While I had once been quiet, I now let my footsteps fall loud on the deck. The deck was salt stained and wooden, and I wondered for the first time why Ernest was the only man on such a vessel. Or maybe he wasn’t, and I just hadn’t met anyone else.
But my other thoughts were too loud for me concentrate on that bit of information. Shaking, I moved to the edge of the boat and stared down into the greenish water. No red. No blood, as I figured it was. Had I imagined it? I gripped the edge of the boat until my knuckles turned white.
This wasn’t something that actually happened. Not to me. Not to anyone. Right? People forgot who they were in movies. Books. Stories. Fiction. The reality of complete amnesia was so rare, it could hardly be named ‘reality’. So what was this? Perhaps Ernest was right. My memory would return bit by bit. Trauma did strange things, I knew.
But that was even stranger. I knew about the mind. How it worked, to some extent. I knew what a hot dog was, for example, and how it tasted. I knew how to button my pants, and use a fork. But I couldn’t remember ever learning any of it. It made me want to sink into a puddle on the floor.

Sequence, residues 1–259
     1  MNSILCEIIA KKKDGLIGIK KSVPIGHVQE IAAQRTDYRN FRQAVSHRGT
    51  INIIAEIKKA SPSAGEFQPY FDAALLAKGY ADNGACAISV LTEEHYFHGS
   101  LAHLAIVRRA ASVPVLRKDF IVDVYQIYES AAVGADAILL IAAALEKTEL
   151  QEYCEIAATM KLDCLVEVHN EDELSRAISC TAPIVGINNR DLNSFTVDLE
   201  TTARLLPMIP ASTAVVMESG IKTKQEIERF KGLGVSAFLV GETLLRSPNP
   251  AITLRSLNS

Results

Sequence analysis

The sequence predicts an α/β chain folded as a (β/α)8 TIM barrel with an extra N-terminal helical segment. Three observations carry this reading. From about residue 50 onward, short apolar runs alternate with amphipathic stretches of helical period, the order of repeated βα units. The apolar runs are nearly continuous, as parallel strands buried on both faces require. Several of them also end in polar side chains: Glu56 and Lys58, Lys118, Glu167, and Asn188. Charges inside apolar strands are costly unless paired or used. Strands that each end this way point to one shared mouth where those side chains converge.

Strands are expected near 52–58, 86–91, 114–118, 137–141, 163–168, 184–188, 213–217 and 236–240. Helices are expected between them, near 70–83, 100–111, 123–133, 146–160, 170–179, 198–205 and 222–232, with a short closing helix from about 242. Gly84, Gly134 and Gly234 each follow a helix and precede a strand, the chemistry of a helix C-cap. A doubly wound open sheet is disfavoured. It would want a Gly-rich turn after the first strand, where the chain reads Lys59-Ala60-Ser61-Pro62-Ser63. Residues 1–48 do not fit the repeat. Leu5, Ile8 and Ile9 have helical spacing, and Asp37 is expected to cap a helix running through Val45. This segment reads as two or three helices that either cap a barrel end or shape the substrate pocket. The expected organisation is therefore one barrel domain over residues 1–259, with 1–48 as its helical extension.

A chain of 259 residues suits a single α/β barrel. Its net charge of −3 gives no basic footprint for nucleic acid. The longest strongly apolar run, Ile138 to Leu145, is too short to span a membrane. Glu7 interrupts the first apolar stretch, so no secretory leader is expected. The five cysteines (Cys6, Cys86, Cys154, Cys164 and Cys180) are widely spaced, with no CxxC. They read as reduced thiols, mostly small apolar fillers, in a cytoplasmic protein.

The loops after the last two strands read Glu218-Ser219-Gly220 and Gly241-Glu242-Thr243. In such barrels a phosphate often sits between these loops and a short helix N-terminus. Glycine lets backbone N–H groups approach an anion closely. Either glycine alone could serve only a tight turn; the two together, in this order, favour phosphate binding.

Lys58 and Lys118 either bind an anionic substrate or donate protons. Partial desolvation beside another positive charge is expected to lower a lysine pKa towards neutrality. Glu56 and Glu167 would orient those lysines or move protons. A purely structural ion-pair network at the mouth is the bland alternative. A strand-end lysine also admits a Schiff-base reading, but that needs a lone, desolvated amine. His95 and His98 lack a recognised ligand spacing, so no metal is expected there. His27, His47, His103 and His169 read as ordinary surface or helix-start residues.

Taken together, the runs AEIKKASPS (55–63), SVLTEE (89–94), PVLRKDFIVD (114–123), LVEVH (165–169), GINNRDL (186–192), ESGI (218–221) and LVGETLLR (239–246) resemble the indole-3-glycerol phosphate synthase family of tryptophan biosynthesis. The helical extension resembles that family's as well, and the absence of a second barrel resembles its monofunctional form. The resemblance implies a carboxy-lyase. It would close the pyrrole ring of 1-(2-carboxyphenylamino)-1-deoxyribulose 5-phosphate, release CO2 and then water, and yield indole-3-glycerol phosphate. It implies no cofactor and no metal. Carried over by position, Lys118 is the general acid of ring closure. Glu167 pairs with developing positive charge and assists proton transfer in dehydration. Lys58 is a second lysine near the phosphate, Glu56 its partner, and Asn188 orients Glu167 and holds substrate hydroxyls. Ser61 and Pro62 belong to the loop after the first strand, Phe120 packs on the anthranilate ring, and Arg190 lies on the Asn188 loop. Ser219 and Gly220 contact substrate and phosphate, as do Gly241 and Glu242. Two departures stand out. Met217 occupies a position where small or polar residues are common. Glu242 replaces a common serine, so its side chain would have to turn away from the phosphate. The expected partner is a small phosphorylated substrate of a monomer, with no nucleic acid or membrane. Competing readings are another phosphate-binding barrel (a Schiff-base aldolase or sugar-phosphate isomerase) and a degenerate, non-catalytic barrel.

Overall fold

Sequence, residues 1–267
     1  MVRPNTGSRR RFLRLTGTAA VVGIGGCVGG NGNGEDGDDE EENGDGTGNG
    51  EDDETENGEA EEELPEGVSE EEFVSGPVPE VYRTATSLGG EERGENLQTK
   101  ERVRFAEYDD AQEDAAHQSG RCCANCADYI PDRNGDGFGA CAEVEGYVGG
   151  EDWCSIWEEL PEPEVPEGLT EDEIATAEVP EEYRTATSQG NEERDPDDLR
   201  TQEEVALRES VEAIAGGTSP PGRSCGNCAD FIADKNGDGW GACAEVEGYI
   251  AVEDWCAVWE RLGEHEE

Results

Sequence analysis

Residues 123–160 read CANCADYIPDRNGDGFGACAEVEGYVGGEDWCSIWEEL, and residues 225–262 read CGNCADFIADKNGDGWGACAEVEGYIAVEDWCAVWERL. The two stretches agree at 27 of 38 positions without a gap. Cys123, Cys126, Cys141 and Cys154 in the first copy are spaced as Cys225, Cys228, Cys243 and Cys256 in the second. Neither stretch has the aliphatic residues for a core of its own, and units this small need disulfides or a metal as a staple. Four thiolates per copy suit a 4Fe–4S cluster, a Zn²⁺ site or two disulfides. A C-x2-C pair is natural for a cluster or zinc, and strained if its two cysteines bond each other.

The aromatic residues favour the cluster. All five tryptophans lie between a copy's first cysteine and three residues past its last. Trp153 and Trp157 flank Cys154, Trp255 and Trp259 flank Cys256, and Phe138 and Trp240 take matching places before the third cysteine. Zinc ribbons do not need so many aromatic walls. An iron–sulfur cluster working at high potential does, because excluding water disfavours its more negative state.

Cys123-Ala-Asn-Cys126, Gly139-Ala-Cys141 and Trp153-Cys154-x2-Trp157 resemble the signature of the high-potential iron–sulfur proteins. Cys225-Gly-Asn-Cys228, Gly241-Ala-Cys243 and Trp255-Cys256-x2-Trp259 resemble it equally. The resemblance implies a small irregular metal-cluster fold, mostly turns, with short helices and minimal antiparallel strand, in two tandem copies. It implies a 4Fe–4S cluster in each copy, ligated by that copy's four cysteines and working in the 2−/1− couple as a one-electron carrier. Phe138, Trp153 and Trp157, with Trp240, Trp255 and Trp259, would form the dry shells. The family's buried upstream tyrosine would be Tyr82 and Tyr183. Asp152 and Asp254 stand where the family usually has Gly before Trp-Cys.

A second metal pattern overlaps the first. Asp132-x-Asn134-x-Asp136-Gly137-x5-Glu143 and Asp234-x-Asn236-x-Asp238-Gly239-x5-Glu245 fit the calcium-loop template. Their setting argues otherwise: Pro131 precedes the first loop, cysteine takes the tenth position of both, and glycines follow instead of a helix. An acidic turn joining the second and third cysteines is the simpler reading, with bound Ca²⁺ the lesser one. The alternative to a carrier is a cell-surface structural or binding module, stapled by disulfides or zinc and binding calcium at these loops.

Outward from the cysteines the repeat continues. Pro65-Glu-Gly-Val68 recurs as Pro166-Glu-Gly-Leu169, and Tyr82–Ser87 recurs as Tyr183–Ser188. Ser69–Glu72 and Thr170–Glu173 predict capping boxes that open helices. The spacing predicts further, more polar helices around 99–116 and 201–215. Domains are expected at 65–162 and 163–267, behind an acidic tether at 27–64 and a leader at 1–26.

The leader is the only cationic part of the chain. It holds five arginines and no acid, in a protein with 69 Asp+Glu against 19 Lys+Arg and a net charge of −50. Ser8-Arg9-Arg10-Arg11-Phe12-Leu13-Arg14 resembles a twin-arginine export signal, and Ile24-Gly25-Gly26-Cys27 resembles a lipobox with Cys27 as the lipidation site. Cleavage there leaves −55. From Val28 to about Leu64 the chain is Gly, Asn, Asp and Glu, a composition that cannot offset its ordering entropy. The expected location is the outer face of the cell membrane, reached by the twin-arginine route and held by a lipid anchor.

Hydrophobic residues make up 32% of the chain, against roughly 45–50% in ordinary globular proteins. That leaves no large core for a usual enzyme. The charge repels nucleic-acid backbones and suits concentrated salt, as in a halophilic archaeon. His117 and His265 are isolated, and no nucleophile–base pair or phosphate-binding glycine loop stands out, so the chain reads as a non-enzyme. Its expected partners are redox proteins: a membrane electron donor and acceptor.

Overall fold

Who was I before the red?
I had an odd, skirting thought that I was born of the ocean. That she birthed me in her depths. Named me, and thrust me into the world like a chick from a nest.
Despite the situation, I was thankful for the one thing I had. My name, true or not, was a name. I was not some formless, lost soul. Not an animal. Not a specimen.
For now, I was Vincent.
The name prompted a thought of another man by the same name. Vincent Van Gogh. A brilliant and tortured man. A painter who saw the world in swirls of color and light and beauty. Why did I remember some dead painter but not my own mother? I clenched the edge of the boat, rocking in the salty wind that seemed to whisper to me. For half an instant, the wind was made of secret thoughts and forgotten dreams that could be whipped up into a frenzy of anger and passion at their abandonment.
Sighing, I closed my eyes and listened, hoping to block out my thoughts. But the words of the wind tumbled over each other, scrambling in their haste to be heard. It made little sense, and I shook myself out of the stupor. What rubbish was this anyway? The wind did not have voices. Where did I ever get the idea?
I turned from the ocean and headed back into the cabin, chanting over and over in my head, my name is Vincent, and I don’t like red. My name is Vincent, and I don’t like red.
My name is Vincent.